I spent my childhood in England and Wales in the 50’s (yes, I know, that was a long time ago). Kids of that era grew up playing cowboys and Indians. For Christmas, we asked for things like cap gun knock-offs of Colt ’45’s, stetsons and cowboy belts. My brother and I spent a lot of time running around our neighborhood, with our cap guns, shooting at each other, a practice that would probably result in a call to the local police in these days of school lock-downs.
It really never dawned on me that it would be fun to ride a horse, but all my heroes did (Roy Rogers, Gene Autry, Richard Boone et al). In fact, on a holiday to the seaside, my mother had once paid good money to put me on a donkey for a mad ride from the edge of the sand down to the sea. The whole experience had terrified me so much that horse riding was out of the question.
On a recent trip to Argentina, I overcame my fear of horses and donkeys and we spent a day in the foothills of the Andes on horseback. This was certainly not the primary reason for our trip (hiking and wine tasting were the main goals), but it seemed like a good idea to branch out and try something different. While Argentina was not part of the mainstream of Hollywood western movies in the 50’s, we were vaguely aware that there were these curious South American versions of cowboys called gauchos who wore ponchos and cowboy hats with fringes. As we drove out to the ranch, I had visions of the Cisco kid and thought it might be kinda cool to emulate a South American cowboy.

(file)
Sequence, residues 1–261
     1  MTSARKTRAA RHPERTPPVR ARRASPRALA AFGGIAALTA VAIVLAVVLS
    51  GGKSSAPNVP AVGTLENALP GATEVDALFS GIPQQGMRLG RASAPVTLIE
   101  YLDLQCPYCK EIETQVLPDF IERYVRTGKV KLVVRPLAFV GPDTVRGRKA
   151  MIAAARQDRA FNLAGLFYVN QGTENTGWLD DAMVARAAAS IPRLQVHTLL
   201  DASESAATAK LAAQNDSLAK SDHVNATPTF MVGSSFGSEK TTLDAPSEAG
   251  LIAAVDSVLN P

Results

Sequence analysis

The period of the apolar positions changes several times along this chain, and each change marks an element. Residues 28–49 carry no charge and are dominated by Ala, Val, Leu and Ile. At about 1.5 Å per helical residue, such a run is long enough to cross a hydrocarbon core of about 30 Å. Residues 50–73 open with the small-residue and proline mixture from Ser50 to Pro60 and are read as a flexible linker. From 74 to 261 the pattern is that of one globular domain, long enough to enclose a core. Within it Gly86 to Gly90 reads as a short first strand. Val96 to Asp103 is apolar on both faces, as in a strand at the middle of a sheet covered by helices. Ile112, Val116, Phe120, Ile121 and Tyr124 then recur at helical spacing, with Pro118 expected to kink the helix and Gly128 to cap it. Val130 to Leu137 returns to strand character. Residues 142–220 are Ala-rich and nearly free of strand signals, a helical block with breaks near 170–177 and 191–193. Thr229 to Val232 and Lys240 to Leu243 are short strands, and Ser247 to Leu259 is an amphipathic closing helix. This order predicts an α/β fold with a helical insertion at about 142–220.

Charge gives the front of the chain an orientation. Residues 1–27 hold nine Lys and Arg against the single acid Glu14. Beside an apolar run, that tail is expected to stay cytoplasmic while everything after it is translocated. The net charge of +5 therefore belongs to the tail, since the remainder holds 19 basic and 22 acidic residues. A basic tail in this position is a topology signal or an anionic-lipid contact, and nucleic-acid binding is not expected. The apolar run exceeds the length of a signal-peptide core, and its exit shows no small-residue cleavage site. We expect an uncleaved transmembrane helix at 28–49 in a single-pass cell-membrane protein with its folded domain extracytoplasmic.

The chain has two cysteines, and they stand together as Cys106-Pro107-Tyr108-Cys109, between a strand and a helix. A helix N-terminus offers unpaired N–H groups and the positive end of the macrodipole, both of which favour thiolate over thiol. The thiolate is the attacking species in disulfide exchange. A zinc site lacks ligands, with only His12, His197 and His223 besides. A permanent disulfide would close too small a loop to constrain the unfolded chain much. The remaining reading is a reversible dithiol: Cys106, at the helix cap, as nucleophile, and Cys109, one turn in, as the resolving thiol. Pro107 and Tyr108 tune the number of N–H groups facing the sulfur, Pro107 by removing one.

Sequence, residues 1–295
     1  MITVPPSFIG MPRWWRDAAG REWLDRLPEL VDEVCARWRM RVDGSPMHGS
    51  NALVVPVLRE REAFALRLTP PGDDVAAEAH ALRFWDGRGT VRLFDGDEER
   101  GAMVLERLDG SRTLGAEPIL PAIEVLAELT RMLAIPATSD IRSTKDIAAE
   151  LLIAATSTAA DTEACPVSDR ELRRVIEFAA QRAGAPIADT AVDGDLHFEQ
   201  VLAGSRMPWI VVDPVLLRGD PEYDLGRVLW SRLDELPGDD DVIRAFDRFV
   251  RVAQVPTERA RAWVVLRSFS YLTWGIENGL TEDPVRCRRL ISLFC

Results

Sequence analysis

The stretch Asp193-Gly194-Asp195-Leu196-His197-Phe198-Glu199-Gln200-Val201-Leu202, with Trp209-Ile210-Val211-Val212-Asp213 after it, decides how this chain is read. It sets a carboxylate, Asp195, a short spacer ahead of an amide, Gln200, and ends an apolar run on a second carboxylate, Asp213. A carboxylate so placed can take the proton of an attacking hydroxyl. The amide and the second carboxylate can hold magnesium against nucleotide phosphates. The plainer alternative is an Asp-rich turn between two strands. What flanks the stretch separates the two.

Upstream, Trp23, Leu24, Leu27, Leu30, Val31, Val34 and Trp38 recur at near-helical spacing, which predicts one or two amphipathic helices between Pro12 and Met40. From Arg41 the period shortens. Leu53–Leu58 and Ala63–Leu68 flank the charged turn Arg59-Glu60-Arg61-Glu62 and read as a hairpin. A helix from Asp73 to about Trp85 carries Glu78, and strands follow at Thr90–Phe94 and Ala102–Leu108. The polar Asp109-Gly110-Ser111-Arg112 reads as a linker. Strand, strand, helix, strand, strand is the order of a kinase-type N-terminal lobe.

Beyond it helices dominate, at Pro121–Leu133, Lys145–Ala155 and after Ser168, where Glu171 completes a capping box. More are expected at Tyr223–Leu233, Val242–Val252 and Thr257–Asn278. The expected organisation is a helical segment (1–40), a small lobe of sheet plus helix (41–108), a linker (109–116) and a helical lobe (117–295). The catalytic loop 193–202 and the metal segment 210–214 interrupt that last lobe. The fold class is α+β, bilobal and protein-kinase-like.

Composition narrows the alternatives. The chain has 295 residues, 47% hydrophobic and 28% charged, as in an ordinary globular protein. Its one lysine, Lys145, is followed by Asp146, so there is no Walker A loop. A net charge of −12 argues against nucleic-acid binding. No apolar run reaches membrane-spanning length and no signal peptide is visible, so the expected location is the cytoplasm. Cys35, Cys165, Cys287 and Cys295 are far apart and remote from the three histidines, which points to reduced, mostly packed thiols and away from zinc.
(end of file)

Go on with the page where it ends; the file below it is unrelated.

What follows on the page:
Our riding day proved to be one of the highlights of our holiday. The facility (La Quebrada del Condor) was first class and Alejandro, our guide, was the real deal — an excellent rider and a very skilled judge of people’s ability. He made sure we all enjoyed the day and came home safe and sound. The trail was fantastic, with lots of hills and dales, creeks that could be crossed and the occasional steep pitch that made your heart rate increase mildly, but didn’t give you the complete attack. The weather was unusual for the area. We got lots of mist and some occasional light rain, so the atmosphere was mysterious and quite photogenic.
By the end of the day, I was feeling quite gaucho-like and could well imagine a life in the saddle, complete with the aches and pains!
Here are some pictures of the experience: